$(f^{-1})'(1)=\frac{1}{f'(0)}=\frac{1}{6}.$

Example 3.20. Let $$y=f(x)=x^{2}+2x$$ for $$x>-1$$. Find $$\dfrac{d}{dx}f^{-1}(x)$$.

Solution

Method 1: Let’s find $$f^{-1}$$ and then differentiate it. To find $$f^{-1}$$, we start off with the equation $y=x^{2}+2x$ and solve it for $$x$$: $x=\frac{-2\pm\sqrt{4^{2}-4y}}{2}=-1\pm\sqrt{1+y}.$ This equation gives two values of $$x$$ for each $$y$$. But we have to choose the one with the $$+$$ sign because it is assumed that $$x>-1$$. Therefore $x=f^{-1}(y)=-1+\sqrt{1+y}.$ In the equation $$f^{-1}(y)=-1+\sqrt{1+y}$$, $$y$$ is a variable that shows the input. We can denote the input with whatever we want including $$x$$. So $f^{-1}(x)=-1+\sqrt{1+x}.$ Now we can easily find $$(f^{-1})'(x)$$ $\frac{d}{dx}f^{-1}(x)=\frac{1}{2\sqrt{1+x}}.$ Method 2: Start off with $$y=f(x)$$: $\frac{df}{dx}=\frac{dy}{dx}=2x+2.$ By the Derivative Rule for inverses, we have \begin{aligned} \frac{df^{-1}}{dy}=\frac{dx}{dy} & =\frac{1}{dy/dx}\\ & =\frac{1}{2x+2}\end{aligned} Now we need to express $$dx/dy$$ in terms of $$y$$ because in $$df^{-1}/dy=f'(y)$$, the independent variable is $$y$$. From $$y=x^{2}+2x$$, we have to solve for $$x$$: \begin{aligned} x & =\frac{-2\pm\sqrt{4+4y}}{2}\\ & =-1\pm\sqrt{1+y}.\end{aligned} Because $$x>-1$$, we set $$x=-1+\sqrt{1+y}$$. Therefore \begin{aligned} \frac{df^{-1}}{dy} & =\frac{1}{2(-1+\sqrt{1+y})+2}\\ & =\frac{1}{2\sqrt{1+y}}.\end{aligned} Here $$y$$ simply shows the input of $$f^{-1}$$; we can replace it by $$x$$ and write: $\frac{df^{-1}}{dx}=\left(f^{-1}\right)'(x)=\frac{1}{2\sqrt{1+x}}.$

Example 3.21. Suppose $$h(x)=\tan(f^{-1}(x))$$ and we know $$f\left(\dfrac{\pi}{4}\right)=1$$ and $$f’\left(\dfrac{\pi}{4}\right)=5$$. Find $$h'(1)$$.

Solution

Let $$u=f^{-1}(x)$$. Thus $$h(x)=\tan u$$ and using the chain rule, we get \begin{aligned} h'(x) & =u’\left(\frac{d}{du}\tan u\right)\\ & =u’\cdot(1+\tan^{2}u)\\ & =(f^{-1})'(x)\times(1+\tan^{2}(f^{-1}(x)).\end{aligned} But The Derivative Rule for Inverses tells us $(f^{-1})'(x)=\frac{1}{f'(f^{-1}(x))}.$ Therefore, $h'(x)=\frac{1}{f'(f^{-1}(x))}(1+\tan^{2}(f^{-1}(x))$ and $h’\left(1\right)=\frac{1}{f'(f^{-1}(1))}(1+\tan^{2}(f^{-1}(1)).$ Because $$f(\pi/4)=1$$ means $$f^{-1}(1)=\pi/4$$, we obtain \begin{aligned} h'(1) & =\frac{1}{f'(\pi/4)}(1+\tan^{2}(\pi/4))\\ & =\frac{1}{5}(1+1^{2})\\ & =\frac{2}{5}.\end{aligned}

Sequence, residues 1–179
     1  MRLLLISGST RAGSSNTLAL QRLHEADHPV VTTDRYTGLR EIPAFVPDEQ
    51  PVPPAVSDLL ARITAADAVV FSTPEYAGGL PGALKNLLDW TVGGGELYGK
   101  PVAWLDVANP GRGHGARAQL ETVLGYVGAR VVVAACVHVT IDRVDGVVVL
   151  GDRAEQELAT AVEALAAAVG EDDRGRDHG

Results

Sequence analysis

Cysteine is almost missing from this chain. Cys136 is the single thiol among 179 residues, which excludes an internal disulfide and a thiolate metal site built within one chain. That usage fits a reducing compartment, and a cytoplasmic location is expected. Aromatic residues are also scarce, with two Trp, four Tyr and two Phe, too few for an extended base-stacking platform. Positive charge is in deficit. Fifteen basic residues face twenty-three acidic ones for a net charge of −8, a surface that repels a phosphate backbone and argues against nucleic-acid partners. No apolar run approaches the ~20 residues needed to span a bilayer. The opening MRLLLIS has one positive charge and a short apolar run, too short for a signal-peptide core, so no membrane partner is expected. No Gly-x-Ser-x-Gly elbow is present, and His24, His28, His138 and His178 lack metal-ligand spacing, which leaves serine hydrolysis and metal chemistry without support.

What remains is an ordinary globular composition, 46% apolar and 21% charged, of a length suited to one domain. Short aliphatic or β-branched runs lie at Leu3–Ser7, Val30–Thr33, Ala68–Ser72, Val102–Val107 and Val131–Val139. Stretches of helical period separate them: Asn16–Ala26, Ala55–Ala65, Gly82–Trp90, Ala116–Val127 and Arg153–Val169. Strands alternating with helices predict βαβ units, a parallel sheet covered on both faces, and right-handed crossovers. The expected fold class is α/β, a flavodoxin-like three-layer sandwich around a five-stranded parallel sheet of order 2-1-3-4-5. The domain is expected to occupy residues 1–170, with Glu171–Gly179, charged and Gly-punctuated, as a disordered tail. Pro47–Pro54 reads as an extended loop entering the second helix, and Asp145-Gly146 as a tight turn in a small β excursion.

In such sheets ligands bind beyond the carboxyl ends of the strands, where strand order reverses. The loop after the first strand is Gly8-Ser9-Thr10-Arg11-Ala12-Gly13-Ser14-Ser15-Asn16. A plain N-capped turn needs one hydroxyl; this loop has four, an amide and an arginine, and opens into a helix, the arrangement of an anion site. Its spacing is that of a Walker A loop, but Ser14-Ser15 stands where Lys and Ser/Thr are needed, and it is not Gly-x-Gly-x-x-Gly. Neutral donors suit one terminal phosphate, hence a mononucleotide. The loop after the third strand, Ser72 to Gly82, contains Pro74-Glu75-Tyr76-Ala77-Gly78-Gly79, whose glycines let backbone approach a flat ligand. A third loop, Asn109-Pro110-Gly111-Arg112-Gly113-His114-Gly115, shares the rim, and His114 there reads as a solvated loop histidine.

Example 3.22. Given $$\dfrac{d}{dx}\sin x=\cos x$$, find $$\dfrac{d}{dx}\arcsin x$$.

[The inverse of sine is regularly denoted by $$\arcsin$$ or $$\sin^{-1}$$.]

Solution

Recall that $B=\text{arcsin }A\qquad\text{means}\qquad A=\sin B\quad\text{and}\quad-\frac{\pi}{2}\leq B\leq\frac{\pi}{2}.$

Let $$y=\sin x$$. Then $$x=\arcsin y$$ and $$-\pi/2\leq x\leq\pi/2$$ \begin{aligned} \dfrac{d}{dy}\arcsin y & =\frac{1}{\dfrac{d}{dx}\sin x}\\ & =\frac{1}{\cos x}\\ & =\frac{1}{\sqrt{1-\sin^{2}x}}\tag{\small\ensuremath{\sin^{2}x+\cos^{2}x=1\text{ and }\cos x\geq0}\text{ when }\ensuremath{\frac{-\pi}{2}\leq\emph{x}\leq\frac{\pi}{2}}}\\ & =\frac{1}{\sqrt{1-y^{2}}}\tag{\small\ensuremath{\sin x=y}}\end{aligned} With a change in notation we can express the above result as $\frac{d}{dx}\arcsin x=\frac{1}{\sqrt{1-x^{2}}}.$